- What is the clinical effectiveness of lipid formulations in adult and pediatric patients requiring total parenteral nutrition?
- What is the cost-effectiveness of lipid formulations in adult and pediatric patients requiring total parenteral nutrition?
- What are the evidence-based guidelines associated with the use of lipid formulations in adult and pediatric patients requiring total parenteral nutrition?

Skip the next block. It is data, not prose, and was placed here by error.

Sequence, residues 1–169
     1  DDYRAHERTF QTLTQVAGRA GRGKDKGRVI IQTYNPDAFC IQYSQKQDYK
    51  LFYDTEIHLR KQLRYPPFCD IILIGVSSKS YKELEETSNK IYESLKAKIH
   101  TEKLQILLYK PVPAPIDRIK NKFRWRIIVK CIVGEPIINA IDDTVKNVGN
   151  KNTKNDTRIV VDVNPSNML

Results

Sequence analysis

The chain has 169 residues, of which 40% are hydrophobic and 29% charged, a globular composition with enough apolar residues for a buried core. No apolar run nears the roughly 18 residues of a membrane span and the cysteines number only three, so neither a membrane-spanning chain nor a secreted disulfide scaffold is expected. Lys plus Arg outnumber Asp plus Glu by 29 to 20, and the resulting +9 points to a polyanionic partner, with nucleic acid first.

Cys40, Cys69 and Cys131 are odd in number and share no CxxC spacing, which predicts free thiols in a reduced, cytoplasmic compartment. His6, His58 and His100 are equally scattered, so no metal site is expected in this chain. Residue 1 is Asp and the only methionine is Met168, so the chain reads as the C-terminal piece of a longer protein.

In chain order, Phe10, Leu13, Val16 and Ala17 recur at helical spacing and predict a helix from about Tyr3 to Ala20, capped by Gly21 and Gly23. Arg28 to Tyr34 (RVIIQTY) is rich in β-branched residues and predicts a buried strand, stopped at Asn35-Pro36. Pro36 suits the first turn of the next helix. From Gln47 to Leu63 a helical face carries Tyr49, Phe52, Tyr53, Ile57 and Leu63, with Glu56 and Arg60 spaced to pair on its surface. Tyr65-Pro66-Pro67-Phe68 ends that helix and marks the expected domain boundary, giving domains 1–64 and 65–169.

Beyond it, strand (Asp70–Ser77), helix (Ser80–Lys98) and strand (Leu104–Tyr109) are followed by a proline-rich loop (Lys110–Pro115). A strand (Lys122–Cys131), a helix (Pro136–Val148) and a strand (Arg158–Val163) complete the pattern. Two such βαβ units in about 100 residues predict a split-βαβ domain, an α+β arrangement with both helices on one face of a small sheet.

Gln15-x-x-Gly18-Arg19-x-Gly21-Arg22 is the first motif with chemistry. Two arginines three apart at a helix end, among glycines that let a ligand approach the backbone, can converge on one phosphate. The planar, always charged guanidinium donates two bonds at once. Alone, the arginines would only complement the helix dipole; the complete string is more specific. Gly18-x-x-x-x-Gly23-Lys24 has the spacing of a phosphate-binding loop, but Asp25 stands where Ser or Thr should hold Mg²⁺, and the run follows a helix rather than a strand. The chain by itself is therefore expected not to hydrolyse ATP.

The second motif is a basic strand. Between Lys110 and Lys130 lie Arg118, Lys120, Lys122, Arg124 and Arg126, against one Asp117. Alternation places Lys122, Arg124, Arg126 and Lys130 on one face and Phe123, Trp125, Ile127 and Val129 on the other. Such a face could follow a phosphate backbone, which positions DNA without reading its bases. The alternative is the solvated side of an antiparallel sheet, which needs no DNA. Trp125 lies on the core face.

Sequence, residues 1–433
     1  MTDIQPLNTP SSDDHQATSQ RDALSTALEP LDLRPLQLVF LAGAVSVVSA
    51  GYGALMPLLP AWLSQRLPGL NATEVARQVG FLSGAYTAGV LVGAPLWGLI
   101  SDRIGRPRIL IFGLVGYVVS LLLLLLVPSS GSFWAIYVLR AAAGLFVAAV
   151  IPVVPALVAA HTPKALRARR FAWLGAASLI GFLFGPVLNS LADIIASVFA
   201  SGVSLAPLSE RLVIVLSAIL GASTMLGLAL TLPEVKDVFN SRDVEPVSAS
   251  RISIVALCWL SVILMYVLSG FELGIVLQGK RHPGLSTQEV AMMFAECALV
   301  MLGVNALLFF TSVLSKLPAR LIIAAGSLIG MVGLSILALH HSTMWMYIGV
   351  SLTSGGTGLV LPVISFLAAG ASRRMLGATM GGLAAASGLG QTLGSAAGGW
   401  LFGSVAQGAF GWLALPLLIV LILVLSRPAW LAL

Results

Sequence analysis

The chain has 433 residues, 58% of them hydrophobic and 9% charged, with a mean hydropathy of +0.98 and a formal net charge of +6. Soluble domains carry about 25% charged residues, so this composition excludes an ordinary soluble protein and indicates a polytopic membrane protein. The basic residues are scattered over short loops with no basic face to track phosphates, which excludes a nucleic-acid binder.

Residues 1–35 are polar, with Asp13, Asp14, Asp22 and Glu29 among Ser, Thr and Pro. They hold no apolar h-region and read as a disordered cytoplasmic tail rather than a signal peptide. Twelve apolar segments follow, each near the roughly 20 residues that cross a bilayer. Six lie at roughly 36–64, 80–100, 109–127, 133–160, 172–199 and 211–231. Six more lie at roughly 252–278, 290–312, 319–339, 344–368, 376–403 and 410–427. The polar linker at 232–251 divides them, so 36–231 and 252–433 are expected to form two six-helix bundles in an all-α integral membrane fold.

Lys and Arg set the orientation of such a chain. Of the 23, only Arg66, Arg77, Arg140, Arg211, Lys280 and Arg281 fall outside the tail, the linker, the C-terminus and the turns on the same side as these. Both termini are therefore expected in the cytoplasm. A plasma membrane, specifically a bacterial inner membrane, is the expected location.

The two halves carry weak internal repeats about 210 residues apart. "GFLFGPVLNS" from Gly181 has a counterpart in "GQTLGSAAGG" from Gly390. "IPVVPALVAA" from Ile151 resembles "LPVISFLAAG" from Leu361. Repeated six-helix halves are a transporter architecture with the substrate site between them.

This review included seven systematic reviews, eight randomized controlled trials, two economic studies, and two guidelines. Evidence of low to very low quality was insufficient to determine the comparative clinical effectiveness of different types of lipid formulations for parenteral nutrition in preterm, term, or late preterm infants (with or without surgical conditions or parenteral nutrition-associated liver disease/cholestasis). In hospitalized adult patients, patients with fish oil enriched parenteral nutrition had significantly reduced infection rate and length of hospital stay, and in improved liver function and inflammatory status in comparison to patients with non-fish oil enriched parenteral nutrition, despite no difference in mortality. In adult patients requiring long-term parenteral nutrition, there were no significant differences between different lipid emulsions including those containing fish oil with respect to liver function, inflammatory status and other biochemical outcomes. Economic evaluations from the Chinese hospital perspective suggested that fish oil enriched parenteral nutrition was more cost-effective than non-fish oil enriched parenteral nutrition, and structured triglyceride-based parenteral nutrition was associated with cost benefit compared to medium chain triglyceride/long chain triglyceride parenteral nutrition in critically ill intensive care unit patients. The European Society for Parenteral and Enteral Nutrition guideline on clinical nutrition in liver disease recommends that fish oil enriched parenteral nutrition can be used in infants and children with parenteral nutrition-associated cholestasis, and lipid emulsions with a reduced ratio of n-6 over n-3 fatty acids can be used in adult patients with suspected parenteral nutrition-associated liver disease/cholestasis. Another European Society for Parenteral and Enteral Nutrition guideline on clinical nutrition in the intensive care unit recommends that fish oil enriched parenteral nutrition (fish oil dose 0.1 to 0.2 g/kg/day) can be given to intensive care unit patients requiring parenteral nutrition. The recommendations in both guidelines were made based on low quality evidence, but with strong consensus.Larger well-designed trials are needed to determine the optimal lipid composition, and whether the addition of fish oil lipid emulsions has any advantage over other formulations for clinical and biochemical outcomes in infants requiring parenteral nutrition. Findings may not be generalizable to the Canadian context, and given their limitations they should be interpreted with caution.